<filter name="WAEventFilter" filterType="XPath" filterData="//custom:EventLocation='WA'"/>
	<!-- logging service -->
	<filter name="LoggingServiceFilter" filterType="MatchAll"/>
</filters>
<filterTables>
	<filterTable name="EventRoutingTableOneWay">
		<add filterName="CAEventFilter" endpointName="CAEvents" priority="0" />
		<add filterName="WAEventFilter" endpointName="WAEvents" priority="0" />
		<!-- logging service -->
		<add filterName="LoggingServiceFilter"  endpointName="LoggingService" priority="0"/>
	</filterTable>
</filterTables>

When I send in a California event update, notice that both the California service AND the logging service are called.

2011.1.13routing06

Finally, what happens if the MatchAll filter has a lower priority than other filters?  Does it get skipped?  Yes, yes it does.  Filter priorities still trump anything else.  What if the MatchAll filter has the highest priority, does it stop processing any other filters?  Sure enough, it does.  Carefully consider your priority values because only filters with matching priority values will guarantee to be evaluated.

Summary

The Routing Service has some pretty handy filters that give you multiple ways to evaluate inbound messages.  I’m interested to see how people mix and match the Routing Service contract types (two-way, one-way) in IIS hosted services as most demos I’ve seen show the Service being self-hosted.  I think you have to create separate service projects for each contract type you wish to support, but if you have a way to have both services in a single project, I’d like to hear it.



Categories: SOA, WCF/WF

8 replies

  1. Richard very good article, yes of course this might not be the good scenario to use WCF routing but do you have any idea about how big message the WCF routing service can route, what I want to know is how WCF do this content based routing and how the size of message can impact its performance.

  2. Richard it is a very good article for people who are starting on WCF 4.0, I have a question if I am going to configure my Router configuration using C# code progrmmatically, how are we going to replace contract =”*” using ContractDescription.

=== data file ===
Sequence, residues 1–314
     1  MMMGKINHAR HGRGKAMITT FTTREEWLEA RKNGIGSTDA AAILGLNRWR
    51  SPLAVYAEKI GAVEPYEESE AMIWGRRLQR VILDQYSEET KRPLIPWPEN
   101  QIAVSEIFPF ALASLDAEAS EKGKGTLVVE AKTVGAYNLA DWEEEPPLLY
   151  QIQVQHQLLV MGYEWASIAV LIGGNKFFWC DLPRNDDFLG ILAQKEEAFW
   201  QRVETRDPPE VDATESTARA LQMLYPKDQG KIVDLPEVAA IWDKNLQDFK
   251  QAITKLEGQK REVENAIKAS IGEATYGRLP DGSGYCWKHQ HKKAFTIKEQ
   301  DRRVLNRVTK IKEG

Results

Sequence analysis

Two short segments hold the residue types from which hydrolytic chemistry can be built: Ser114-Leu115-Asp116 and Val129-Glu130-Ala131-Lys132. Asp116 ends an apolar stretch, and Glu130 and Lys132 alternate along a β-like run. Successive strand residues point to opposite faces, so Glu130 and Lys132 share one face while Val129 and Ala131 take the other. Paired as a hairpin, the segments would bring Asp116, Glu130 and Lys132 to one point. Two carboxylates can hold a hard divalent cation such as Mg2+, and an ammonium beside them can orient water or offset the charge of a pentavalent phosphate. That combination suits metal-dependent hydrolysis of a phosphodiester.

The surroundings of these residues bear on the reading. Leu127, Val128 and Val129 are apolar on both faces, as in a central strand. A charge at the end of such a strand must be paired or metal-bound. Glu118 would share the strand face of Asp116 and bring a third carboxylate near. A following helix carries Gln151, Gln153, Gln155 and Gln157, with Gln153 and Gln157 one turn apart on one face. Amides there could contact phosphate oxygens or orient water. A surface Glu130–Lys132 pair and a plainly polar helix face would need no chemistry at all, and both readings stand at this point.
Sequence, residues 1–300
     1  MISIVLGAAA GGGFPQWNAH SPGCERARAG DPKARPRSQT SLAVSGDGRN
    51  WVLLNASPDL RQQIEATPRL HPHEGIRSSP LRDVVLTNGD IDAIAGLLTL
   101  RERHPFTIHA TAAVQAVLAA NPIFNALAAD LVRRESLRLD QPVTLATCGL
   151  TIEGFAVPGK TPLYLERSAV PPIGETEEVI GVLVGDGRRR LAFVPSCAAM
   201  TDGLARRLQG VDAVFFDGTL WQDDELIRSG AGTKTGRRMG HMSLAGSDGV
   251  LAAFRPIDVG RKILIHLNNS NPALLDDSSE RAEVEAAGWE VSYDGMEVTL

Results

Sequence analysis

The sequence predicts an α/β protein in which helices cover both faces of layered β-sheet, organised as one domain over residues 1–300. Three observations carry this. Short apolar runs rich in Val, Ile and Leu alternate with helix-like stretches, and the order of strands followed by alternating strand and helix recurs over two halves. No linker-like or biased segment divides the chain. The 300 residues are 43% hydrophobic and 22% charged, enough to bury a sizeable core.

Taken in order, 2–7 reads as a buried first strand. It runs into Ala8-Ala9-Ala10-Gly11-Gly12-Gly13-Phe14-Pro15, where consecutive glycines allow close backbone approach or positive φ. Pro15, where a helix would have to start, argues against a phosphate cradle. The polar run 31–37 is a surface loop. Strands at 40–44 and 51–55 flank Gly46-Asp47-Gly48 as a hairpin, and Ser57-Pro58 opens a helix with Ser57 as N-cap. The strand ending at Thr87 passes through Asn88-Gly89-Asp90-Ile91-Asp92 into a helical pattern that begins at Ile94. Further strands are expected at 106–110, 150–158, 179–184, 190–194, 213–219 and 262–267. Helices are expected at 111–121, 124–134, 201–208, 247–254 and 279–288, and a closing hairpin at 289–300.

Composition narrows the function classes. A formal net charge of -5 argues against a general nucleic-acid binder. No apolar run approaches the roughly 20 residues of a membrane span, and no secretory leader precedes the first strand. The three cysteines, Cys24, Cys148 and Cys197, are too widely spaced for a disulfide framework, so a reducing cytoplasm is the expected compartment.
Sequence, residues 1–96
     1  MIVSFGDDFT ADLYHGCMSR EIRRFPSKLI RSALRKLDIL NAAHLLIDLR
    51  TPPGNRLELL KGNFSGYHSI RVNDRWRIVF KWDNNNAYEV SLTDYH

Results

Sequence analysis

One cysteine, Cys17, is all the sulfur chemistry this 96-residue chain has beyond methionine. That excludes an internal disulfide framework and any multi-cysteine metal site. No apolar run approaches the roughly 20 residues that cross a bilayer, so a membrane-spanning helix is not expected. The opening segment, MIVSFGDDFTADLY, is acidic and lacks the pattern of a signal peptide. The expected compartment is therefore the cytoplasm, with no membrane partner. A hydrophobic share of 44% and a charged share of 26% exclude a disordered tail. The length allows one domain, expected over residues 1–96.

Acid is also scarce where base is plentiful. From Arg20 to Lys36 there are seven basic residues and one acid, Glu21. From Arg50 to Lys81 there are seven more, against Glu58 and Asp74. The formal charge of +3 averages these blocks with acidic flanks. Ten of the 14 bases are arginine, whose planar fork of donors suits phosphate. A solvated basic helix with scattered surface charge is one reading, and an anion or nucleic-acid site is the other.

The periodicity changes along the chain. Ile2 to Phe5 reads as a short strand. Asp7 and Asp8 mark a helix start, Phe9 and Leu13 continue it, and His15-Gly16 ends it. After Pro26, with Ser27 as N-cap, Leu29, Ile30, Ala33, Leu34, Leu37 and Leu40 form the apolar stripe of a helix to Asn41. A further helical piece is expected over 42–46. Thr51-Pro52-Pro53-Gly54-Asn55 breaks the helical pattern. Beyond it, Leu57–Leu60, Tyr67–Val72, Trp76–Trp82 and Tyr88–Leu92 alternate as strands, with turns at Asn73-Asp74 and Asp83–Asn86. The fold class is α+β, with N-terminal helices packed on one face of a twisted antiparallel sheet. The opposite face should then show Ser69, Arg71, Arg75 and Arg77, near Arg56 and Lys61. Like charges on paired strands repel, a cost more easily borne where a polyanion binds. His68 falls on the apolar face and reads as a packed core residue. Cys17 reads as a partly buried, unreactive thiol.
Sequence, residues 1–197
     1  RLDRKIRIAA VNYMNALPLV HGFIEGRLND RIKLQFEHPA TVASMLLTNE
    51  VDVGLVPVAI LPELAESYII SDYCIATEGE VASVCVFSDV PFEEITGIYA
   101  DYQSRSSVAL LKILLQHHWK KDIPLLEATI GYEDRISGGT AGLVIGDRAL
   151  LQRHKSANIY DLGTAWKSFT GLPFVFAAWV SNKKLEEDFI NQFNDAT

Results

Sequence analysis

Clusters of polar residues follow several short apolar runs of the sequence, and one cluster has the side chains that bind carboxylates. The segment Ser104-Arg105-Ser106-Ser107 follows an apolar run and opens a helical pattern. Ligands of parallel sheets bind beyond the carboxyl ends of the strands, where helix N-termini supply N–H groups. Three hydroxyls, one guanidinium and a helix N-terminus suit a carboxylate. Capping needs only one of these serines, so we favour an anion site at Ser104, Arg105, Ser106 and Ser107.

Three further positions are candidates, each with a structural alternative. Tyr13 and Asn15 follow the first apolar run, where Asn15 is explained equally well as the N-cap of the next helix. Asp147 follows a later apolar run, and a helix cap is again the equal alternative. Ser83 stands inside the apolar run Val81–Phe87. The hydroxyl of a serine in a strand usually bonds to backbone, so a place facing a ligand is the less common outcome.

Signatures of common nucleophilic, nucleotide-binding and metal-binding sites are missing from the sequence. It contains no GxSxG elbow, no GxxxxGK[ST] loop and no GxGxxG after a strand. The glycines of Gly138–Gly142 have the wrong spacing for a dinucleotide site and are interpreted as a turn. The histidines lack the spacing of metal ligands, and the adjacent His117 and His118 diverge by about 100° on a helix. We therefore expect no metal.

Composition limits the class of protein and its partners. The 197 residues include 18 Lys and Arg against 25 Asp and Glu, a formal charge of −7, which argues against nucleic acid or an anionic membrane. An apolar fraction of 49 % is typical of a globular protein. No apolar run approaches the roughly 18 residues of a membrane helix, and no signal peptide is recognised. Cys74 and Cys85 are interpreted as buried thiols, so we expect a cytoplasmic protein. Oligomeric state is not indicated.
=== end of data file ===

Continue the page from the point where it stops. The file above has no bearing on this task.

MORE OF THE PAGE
3. Hi,
    I found it out we cant use ISimplexDatagramRouter as our ContractDescription for the endpoints in the filter table, it has to be
    var cd = new ContractDescription(“contract”){ ConfigurationName = “*” };
    Thanks,
    Bhaskar.

  4. Hi,

    Please do let me know from where I can download the code for this tutorial? If you email me this would be great.

    /Rizwan

  5. Hi Richard,

    Here is response on “I’m interested to see how people mix and match the Routing Service contract types (two-way, one-way) in IIS hosted services …”

    Despite commonly perceived limitations of the Routing Service to handle service contracts with a mix of one-way and two-way operations, it is actually very much possible. In fact, there is more than one solution to this problem. What is common to all these solutions is an additional knowledge that the Routing Service has to be enabled with in regards to messages routed at runtime. For example, if a Routing Service is configured with the list of messages SOAP actions mapped to “one-way” or “two-way” flag then WCF RS can leverage this knowledge at runtime to intelligently process routed messages.

    Solution 1. This solution was prompted to me few years ago by Matt Snider and his team at Microsoft who developed WCF Routing Service in the first place. In this solution WCF RS is configured with two-way contracts only, but once a one-way message is received, WCF RS pushes a null Message back to its inbound WCF channel stack. When null Message is received by WCF RS inbound stack, it gracefully “eats it up”. Effectively this turns what was a design-time two-way invocation into runt-time one-way invocation.

    Solution 2. Solution 1 has its own limitations on supported use cases even though it still adds additional value to the out-of-the box WCF RS capabilities. A better (and complete) solution will be to create your own Routing Service class that wraps up WCF RS so that custom RS class implements all the WCF RS interfaces and exposes all their (differently shaped) operations. Now you can leverage WCF IDispatchOperationSelector interface and let custom Router Service delegate calls to either a one-way or two-way operation based on incoming message SOAP action.

    As an example, Nevatech’s Sentinet platform leverages both approaches at the core of its implementation, where RS is all deployed and operates in IIS Server hosted environment and adds many more capabilities on top of traditional WCF RS concepts, http://www.nevatech.com/overview.aspx

    Andrew Slivker

Trackbacks

  1. Scott Banwart's Blog » Blog Archive » Distributed Weekly 86
  2. 2011 Year in Review « Richard Seroter's Architecture Musings